The peripatetic author of Riding the Iron Rooster, etc., etc., ventures with a collapsible kayak to the remote and scattered islands of the South Pacific. With a farewell to his marriage, and loneliness at his back, Theroux begins his extraordinary mission in New Zealand's Fiordland (``As long as there is wilderness there is hope''), moves on to Australia (a continent ``terrified by its own emptiness''), and then to Melanesia, Polynesia—Samoa, Tonga, Fiji, Tahiti, New Guinea's Trobriands, etc.—and, finally, Hawaii. He paddles the sea, he says, in the wake of myth-makers Melville, Stevenson, Gauguin, Maugham, and the Frenchman Captain Bougainville, who, in 1768, believed he'd found not only the Garden of Eden but Venus when a ``barebreasted Tahitian girl'' climbed into his ship from a canoe. To keen-eyed Theroux, the Polynesian islands are ``pleasant and feckless'' but far from paradise. Even Gauguin's Marquesas are ``dramatic at a distance'' but ``close up—muddy and jungly and priest-ridden.'' Traditional islands are ``riddled with magic, superstition, myths, dangers, rivalries and its old routines.'' Always interesting are Theroux's encounters with archaeologists who have disproved Thor Heyerdahl's popularizing theories about Polynesia. Sifting through human and animal bones, they study a still-mysterious people who carved some 800 stone statues on Easter Island and who boasted navigational skills that sent them migrating during what was Europe's Dark Ages. A sense of being beyond the reach of civilization comes when, in his intrepid kayak, off Easter Island and between the rock-battering surf and the Pacific, Theroux removes his headphones, ``hears the immense roar of waves and the screaming wind,'' and is terrified. A vast and contemplative book, seeing the ``Pacific as a universe, and the islands like stars in all that space.'' Informative not only for the voyager, but also for those wanting a new perspective on the Western continents of home. (Sorely lacking a map.)

Pub Date: June 8, 1992

ISBN: 0-399-13726-2

Page Count: 528

Publisher: Putnam

Review Posted Online: May 20, 2010

Kirkus Reviews Issue: April 15, 1992

Did you like this book?

No Comments Yet

Stricter than, say, Bergen Evans or W3 ("disinterested" means impartial — period), Strunk is in the last analysis...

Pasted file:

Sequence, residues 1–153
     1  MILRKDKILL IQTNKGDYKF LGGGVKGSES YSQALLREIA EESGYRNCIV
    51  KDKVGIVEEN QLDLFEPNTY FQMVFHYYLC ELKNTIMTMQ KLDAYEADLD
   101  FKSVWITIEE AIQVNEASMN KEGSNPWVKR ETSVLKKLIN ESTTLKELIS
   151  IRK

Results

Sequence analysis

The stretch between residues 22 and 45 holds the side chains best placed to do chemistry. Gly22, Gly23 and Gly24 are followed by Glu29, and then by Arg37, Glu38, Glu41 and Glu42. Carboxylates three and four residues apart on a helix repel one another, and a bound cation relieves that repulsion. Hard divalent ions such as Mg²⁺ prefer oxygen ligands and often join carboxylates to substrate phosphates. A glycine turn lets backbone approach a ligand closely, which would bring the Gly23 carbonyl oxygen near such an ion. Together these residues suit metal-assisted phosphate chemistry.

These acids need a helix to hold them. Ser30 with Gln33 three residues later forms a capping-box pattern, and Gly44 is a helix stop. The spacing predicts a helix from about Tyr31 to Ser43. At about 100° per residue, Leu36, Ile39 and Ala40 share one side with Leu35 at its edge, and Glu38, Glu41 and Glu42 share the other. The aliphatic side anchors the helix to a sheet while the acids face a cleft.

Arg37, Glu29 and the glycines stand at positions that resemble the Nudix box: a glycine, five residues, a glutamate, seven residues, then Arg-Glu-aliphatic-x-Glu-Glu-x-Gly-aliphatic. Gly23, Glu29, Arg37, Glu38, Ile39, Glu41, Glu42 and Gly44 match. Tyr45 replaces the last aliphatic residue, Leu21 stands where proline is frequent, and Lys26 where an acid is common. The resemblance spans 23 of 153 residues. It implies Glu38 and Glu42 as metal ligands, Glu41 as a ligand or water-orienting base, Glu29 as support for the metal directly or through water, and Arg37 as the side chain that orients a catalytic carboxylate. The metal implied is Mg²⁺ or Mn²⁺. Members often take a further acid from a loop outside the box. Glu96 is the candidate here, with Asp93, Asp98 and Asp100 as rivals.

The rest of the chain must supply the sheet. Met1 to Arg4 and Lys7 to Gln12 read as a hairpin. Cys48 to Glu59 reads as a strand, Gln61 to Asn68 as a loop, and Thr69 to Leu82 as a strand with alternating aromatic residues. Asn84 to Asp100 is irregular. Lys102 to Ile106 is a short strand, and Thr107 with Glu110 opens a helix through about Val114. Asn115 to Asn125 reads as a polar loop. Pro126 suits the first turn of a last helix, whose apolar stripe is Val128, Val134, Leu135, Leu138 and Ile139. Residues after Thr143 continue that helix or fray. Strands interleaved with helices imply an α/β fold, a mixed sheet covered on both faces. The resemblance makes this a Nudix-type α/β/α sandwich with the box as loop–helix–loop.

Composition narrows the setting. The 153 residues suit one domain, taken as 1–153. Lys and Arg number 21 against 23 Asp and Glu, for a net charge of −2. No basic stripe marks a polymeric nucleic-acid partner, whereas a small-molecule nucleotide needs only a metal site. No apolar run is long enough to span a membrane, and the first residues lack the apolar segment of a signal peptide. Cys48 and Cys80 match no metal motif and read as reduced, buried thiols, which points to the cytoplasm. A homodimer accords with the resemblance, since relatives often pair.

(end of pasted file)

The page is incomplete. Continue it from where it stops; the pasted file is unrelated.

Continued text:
Privately published by Strunk of Cornell in 1918 and revised by his student E. B. White in 1959, that "little book" is back again with more White updatings.

Stricter than, say, Bergen Evans or W3 ("disinterested" means impartial — period), Strunk is in the last analysis (whoops — "A bankrupt expression") a unique guide (which means "without like or equal").

Pub Date: May 15, 1972

ISBN: 0205632645

Page Count: 105

Publisher: Macmillan

Review Posted Online: Oct. 28, 2011

Kirkus Reviews Issue: May 1, 1972

Did you like this book?


From the national correspondent for PBS's MacNeil-Lehrer Newshour: a moving memoir of her youth in the Deep South and her role in desegregating the Univ. of Georgia. The eldest daughter of an army chaplain, Hunter-Gault was born in what she calls the ``first of many places that I would call `my place' ''—the small village of Due West, tucked away in a remote little corner of South Carolina. While her father served in Korea, Hunter-Gault and her mother moved first to Covington, Georgia, and then to Atlanta. In ``L.A.'' (lovely Atlanta), surrounded by her loving family and a close-knit black community, the author enjoyed a happy childhood participating in activities at church and at school, where her intellectual and leadership abilities soon were noticed by both faculty and peers. In high school, Hunter-Gault found herself studying the ``comic-strip character Brenda Starr as I might have studied a journalism textbook, had there been one.'' Determined to be a journalist, she applied to several colleges—all outside of Georgia, for ``to discourage the possibility that a black student would even think of applying to one of those white schools, the state provided money for black students'' to study out of state. Accepted at Michigan's Wayne State, the author was encouraged by local civil-rights leaders to apply, along with another classmate, to the Univ. of Georgia as well. Her application became a test of changing racial attitudes, as well as of the growing strength of the civil-rights movement in the South, and Gault became a national figure as she braved an onslaught of hostilities and harassment to become the first black woman to attend the university. A remarkably generous, fair-minded account of overcoming some of the biggest, and most intractable, obstacles ever deployed by southern racists. (Photographs—not seen.)

Pub Date: Nov. 1, 1992

ISBN: 0-374-17563-2

Page Count: 192

Publisher: Farrar, Straus and Giroux

Review Posted Online: May 20, 2010

Kirkus Reviews Issue: Sept. 1, 1992

Did you like this book?